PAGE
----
I believe that the penalty may be over-severe for another category. Some single men and women may be lonely and in some cases unable to go out very often. Those people may spend their time at the window looking up and down the road at their neighbours. They may not invent situations about neighbours, but they might see a young woman going out, temporarily leaving her children in the house. The person watching may think, "How terrible." That person may send a letter which might be construed as a malicious communication. That may sound far-fetched in the rather glorified atmosphere of stockbrokerage that we have just been talking about. However, it is much more the reality than the high-flown kind of malicious communication referred to by my hon. Friend the Member for Bolsover in terms of his letters from Tiny Rowland.
When Tiny Rowland writes to me, he is not sending me a malicious communication that would cause me anxiety and distress. I never read the letters thoroughly, but it seems to me that he is trying to cause anxiety and distress to the people who own Harrods, by suggesting that they do not really own it and that they got it by dodgy means. I am being used as the middle man in the exercise, and I know that other hon. Members get these letters in brown envelopes. Would that come within the general ambit of the Bill and, if so, would that alter my hon. Friend's view about the appropriate level of fine?
Then there is another consideration—
I have never had a communication from Tiny Rowland, or perhaps I have, but have thrown it away unopened. That is a slightly different scenario from the one that we are discussing.
I am worried about setting fine levels at £1,000 or £2,000 rather than £400, which was the level originally in the Bill. I am sure that the hon. Member for Sherwood (Mr. Stewart) gave the matter a great deal of thought and took advice before fixing the fines at level 3, and did not merely pluck the figure out of the air. Even if the maximum is to be £1,000 or £2,000, there may be variations within those sums. We all know that different magistrates see cases in different ways, just as judges do. We know how the sentences given for rape vary. I am not straying from discussion of the Bill, Mr. Deputy Speaker; I am discussing the level of sentences. We are often outraged that a short sentence is given by one judge in a nasty case, whereas an appropriately long sentence is given in another case. There may be a similar unevenness in fines. The result will be that some poor old gentleman—not Tiny Rowland —or some poor old lady or young woman will be fined more than he or she can afford.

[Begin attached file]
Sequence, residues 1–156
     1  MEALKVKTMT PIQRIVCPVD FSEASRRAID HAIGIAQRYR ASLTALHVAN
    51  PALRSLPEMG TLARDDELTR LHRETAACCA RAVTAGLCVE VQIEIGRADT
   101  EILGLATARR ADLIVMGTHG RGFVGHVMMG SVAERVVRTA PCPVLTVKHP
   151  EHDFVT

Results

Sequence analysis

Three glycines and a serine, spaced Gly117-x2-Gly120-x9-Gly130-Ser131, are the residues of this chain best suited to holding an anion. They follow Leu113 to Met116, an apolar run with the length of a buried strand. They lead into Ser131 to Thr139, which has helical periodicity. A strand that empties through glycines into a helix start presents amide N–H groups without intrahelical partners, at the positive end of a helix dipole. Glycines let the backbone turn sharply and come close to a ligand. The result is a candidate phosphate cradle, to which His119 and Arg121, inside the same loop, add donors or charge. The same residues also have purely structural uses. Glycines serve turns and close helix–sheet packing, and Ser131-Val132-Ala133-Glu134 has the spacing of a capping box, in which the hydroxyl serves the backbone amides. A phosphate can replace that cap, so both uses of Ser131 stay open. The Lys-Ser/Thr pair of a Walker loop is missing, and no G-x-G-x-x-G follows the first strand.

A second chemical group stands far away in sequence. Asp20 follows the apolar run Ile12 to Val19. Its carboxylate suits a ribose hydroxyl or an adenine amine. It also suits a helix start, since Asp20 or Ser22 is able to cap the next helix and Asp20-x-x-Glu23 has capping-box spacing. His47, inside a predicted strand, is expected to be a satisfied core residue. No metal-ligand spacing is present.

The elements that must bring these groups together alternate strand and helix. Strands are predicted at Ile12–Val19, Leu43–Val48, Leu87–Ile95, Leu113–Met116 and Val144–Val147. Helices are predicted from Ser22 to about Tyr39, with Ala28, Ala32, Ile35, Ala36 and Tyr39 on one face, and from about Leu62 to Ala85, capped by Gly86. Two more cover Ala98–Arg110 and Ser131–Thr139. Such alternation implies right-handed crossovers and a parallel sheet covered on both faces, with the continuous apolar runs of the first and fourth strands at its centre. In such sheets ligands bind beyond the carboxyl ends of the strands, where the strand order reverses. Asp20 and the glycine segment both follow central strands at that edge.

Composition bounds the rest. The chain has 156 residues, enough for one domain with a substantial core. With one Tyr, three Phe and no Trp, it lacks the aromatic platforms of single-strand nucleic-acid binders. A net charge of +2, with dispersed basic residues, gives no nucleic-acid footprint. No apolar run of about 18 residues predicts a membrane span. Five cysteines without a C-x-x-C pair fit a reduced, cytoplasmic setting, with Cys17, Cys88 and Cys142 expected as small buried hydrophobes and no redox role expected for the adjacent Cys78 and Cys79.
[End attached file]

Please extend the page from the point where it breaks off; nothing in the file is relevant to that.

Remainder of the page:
The hon. Member for Derby, North (Mr. Knight) was asked why we did not go the whole hog. I assure the Minister that no pun is intended, incidentally.
That was my other point. Has my hon. Friend considered the question of non-payment? We hear constantly that the prisons are full and that the number of prisoners is at an all-time record. The Prime Minister was elected on the basis of law and order, but the prisons are so full that prisoners are breaking out. The Prime Minister 'was going to set the people free, but the prisoners got out. If fines were set at level 5—£2,000—more people might be unable to pay. If they fell into contempt of court, they would be pushed into gaol and add to the numbers in prison. That is why I am still considering whether to support the original provision or the amendment. I wonder whether my hon. Friend can help me. In my case, the jury is still out.
Surely, the point is something of a red herring. If a defendant cannot meet a fine due to a change in circumstances, there is provision for the courts to review the weekly payment, and they invariably do so. Only if the defendant makes it quite clear to the court that he is not prepared to pay the fine or if his behavour is so perverse that he is putting other things—such as his own entertainment—before the payment of the fine, is he sent to prison. Prison is not really a threat to a person who makes a reasonable effort to discharge the fine imposed by the court.
The hon. Gentleman does not live in the kind of world that I live in. I am not talking about stockbrokers or the well off. It is stupid and wrong to write a poison pen letter and to be caught and fined. However, the guilty person might be a pensioner or be receiving income support. He might be paying back other debts, such as bills for gas and electricity. Such people find it difficult to pay fines, with the best will in the world, and they end up in prison.